She was born in Amsterdam into a family of artists and received her first lessons from her father, Josephus Augustus Knip, who also gave lessons to her aunt (his youngest sister), Henriëtte Geertruida Knip. His father, Nicolaas (1741–1808), was an artist as well. Some sources indicate that her mother was Pauline Rifer de Courcelles, a painter of birds, who was her father's first wife but, at the time of her birth, they were apparently separated and he was living with his mistress, Cornelia van Leeuwen (1790–1848), who is also credited with being Henriëtte's mother.
The family moved often as her father found work giving lessons. But, by 1823 her father was already blind in one eye. The following year, he and Pauline were finally divorced and he married Cornelia. After he became totally blind in 1832, the family continued to move about, staying for a short time in The Hague, then Beek and 's-Hertogenbosch before settling in Berlicum in 1840. By this time, she was essentially in charge of the family's finances and legal obligations, and had begun painting seriously by 1835. She was a participant in the Exhibition of Living Masters [nl] in 1838.
After Cornelia's death, she moved to Amsterdam where she painted farms, animals and forests from nature; first in watercolor, then in oils. That same year, she became the first woman admitted as an "active member" to Arti et Amicitiae. In 1850, she married Feico Ronner (1819-1883) and they moved to Brussels. He was often ill and could not be regularly employed, so he became her manager. At this time, she narrowed her subject matter, focusing almost entirely on dogs and cats. After 1870, she painted her most famous works, featuring long-haired, often playful cats in bourgeois settings. She continued to paint dogs too; notably lapdogs belonging to Marie Henriette of Austria and Princess Marie of Hohenzollern-Sigmaringen. Ronner-Knip exhibited her work at the Palace of Fine Arts at the 1893 World's Columbian Exposition in Chicago, Illinois.
In her later years, she had a house with a large garden, where she kept hunting dogs, cats and a parrot that she used as models. After observing them in her studio, she would make paper sculptures in the desired poses and set them together with props, such as furniture and fabrics. She occasionally collaborated with the genre artist, David Col.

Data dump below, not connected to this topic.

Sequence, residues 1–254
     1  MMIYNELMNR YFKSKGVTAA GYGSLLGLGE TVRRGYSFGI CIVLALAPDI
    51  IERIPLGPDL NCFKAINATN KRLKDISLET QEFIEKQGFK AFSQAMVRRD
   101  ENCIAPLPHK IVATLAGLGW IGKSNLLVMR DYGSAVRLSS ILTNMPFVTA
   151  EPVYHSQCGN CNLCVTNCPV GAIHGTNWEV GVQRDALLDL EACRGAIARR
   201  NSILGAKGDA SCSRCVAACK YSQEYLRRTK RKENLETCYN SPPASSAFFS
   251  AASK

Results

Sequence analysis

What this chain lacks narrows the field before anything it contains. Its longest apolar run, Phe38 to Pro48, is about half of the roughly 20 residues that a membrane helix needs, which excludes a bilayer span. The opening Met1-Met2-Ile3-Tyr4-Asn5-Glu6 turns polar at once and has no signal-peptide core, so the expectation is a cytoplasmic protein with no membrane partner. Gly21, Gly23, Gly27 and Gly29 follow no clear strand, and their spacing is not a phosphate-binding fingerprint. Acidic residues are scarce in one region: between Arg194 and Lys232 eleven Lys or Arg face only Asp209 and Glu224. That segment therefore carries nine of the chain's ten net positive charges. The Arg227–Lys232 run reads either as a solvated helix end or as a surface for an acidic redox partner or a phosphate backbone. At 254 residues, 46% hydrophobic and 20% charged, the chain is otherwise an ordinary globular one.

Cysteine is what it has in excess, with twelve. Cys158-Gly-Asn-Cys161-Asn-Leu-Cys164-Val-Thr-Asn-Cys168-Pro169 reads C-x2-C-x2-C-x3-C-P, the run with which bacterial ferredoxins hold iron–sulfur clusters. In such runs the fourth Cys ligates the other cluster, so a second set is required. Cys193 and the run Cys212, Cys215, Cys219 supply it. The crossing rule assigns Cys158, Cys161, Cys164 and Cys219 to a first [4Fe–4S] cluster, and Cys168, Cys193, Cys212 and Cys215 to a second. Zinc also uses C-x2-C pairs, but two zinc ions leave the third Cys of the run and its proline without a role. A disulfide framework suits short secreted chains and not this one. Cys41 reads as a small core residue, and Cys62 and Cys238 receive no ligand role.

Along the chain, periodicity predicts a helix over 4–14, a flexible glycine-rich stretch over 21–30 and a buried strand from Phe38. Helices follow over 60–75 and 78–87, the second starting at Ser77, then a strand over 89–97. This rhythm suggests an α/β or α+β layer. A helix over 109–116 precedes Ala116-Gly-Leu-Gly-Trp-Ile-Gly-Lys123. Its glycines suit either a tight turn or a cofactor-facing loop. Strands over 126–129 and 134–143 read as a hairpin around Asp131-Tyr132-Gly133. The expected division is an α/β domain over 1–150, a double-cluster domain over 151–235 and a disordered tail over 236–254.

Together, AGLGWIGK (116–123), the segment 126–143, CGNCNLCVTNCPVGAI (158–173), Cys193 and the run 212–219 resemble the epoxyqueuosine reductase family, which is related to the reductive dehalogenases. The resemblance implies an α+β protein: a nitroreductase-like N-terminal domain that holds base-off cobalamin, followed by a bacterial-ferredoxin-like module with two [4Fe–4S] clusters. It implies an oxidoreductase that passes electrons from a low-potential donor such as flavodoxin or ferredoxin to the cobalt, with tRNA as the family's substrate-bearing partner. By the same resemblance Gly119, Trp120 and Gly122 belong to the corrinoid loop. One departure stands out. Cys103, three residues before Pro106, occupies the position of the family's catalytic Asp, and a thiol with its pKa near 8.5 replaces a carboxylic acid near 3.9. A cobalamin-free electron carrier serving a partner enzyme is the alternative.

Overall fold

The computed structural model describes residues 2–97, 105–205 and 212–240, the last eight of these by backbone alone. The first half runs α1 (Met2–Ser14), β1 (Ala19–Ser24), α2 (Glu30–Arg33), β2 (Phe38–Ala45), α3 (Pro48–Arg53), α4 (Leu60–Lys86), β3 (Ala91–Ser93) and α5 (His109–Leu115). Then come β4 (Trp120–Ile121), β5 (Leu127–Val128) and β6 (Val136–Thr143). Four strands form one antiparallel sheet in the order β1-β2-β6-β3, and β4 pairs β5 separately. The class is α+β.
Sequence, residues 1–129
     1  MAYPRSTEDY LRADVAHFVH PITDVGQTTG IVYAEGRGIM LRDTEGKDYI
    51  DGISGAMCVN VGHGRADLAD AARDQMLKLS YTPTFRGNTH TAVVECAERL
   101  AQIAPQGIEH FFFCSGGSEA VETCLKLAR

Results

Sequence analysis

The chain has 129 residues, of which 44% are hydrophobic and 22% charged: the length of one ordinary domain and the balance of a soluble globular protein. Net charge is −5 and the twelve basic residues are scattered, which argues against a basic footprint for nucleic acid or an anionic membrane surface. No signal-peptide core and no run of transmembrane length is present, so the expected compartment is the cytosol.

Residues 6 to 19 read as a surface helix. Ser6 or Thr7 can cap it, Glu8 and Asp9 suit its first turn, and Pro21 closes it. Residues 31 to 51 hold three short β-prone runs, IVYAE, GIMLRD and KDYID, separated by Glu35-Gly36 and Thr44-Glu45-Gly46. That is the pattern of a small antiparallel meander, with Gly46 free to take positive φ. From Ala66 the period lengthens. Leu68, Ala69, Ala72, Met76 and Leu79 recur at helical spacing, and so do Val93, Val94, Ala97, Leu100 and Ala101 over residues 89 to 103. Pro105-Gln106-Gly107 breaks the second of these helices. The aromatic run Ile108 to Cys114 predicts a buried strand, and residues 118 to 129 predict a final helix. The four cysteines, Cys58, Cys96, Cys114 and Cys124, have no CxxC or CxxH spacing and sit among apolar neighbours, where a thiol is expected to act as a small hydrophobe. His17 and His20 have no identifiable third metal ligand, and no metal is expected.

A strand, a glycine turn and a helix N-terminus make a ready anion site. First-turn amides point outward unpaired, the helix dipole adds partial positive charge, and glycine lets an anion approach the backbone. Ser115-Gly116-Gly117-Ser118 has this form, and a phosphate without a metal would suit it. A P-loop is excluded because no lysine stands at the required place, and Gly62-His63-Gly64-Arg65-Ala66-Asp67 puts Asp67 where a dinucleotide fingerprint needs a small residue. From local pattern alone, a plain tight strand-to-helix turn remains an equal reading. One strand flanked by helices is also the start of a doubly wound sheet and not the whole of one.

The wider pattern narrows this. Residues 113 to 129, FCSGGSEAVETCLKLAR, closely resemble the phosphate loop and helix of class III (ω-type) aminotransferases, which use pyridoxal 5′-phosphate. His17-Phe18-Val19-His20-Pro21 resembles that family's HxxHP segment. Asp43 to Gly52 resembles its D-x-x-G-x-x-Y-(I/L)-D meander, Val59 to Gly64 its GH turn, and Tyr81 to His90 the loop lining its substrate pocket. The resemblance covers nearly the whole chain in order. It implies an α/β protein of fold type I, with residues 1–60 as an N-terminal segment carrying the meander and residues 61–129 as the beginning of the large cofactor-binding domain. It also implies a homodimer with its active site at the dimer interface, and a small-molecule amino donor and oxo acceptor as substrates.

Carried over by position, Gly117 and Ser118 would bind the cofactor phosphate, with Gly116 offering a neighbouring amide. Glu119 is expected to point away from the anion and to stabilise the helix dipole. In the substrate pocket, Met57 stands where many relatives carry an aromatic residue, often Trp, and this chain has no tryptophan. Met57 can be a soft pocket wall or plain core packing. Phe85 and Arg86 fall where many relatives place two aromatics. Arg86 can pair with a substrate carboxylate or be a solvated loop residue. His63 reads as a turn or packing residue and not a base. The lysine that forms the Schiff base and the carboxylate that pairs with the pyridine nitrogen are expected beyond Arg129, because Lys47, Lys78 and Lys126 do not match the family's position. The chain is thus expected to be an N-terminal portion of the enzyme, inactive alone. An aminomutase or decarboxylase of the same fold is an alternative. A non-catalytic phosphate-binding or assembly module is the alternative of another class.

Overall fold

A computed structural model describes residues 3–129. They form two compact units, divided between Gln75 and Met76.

In 1887, she was awarded the Order of Leopold and, in 1901, became a member of the Order of Orange-Nassau. Her son Alfred and daughters Alice and Emma [nl] also became artists. She often exhibited with them.
She died on 28 February 1909 in Ixelles.
Knip was very successful at the triennial “salons” in Belgium and the Living Masters Exhibitions in the Netherlands, but also in all major European, American and Australian cities. She received many silver and gold medals of honor; she became a knight in the Order of Leopold in 1887 and a knight in the Order of Orange-Nassau in 1901. There are known paintings in which Knip collaborated with the Belgian artist David Col (1822-1900).
To illustrate, some titles of salon entries: “Happy family” (Antwerp, 1855); “A move” (Antwerp, 1858); "Man and his friends" and "Hunting dogs" (Antwerp, 1861); “Fox in the chicken coop” and “Hondenspan” (Antwerp, 1873); “The painting school” and “Hunting in the Kempen” (Ghent, 1880); “Chess and mat” and “Where can one be better” (Ghent 1883); "The intruder" (Antwerp, 1888); "An invasion" and "The waiting" (Ghent, 1889); Schelmen (Antwerp, 1894).
The age brought with it some celebrations: for example, the Rotterdam Art Circle organized a solo exhibition in 1886 with 80 works on its 65th birthday. The Fine Arts Society in London followed in 1890 with a retrospective of 113 works, "Paintings of the Animal Life by H. Ronner". In 1898 she had a double exhibition with daughter Alice Ronner at the Kunsthandel Oldenzeel in Rotterdam. Also in the beautiful room of the Cercle Artistique on the Antwerp Arenbergstraat, she had an exhibition together with daughter Alice (after 1894)
Amsterdam, Rijksmuseum, Rijksprentenkabinet en Universiteit (UvA);
Antwerpen, Kon. Museum voor Schone Kunsten;
Bergen op Zoom, Museum Markiezenhof;
Brussel, Museum van Elsene
Den Haag, Gemeentemuseum;
Den Haag, Stichting Historische Verzamelingen van het huis Oranje Nassau
Dordrecht, Dordrechts Museum;
Haarlem, Gemeentearchief en Teylers Museum (De Pianoles uit 1897 en Katje uit 1896);
Leiden, Rijksuniversiteit en Prentenkabinet;
Maaseik, John Selbach Museum;
Bergen (Mons), Musée des Beaux-Arts
Haastrecht, Museum Bisdom van Vliet;
Rotterdam, Museum Boymans-van Beuningen.
Stirling (GB), Stirling Smith Art Gallery and Museum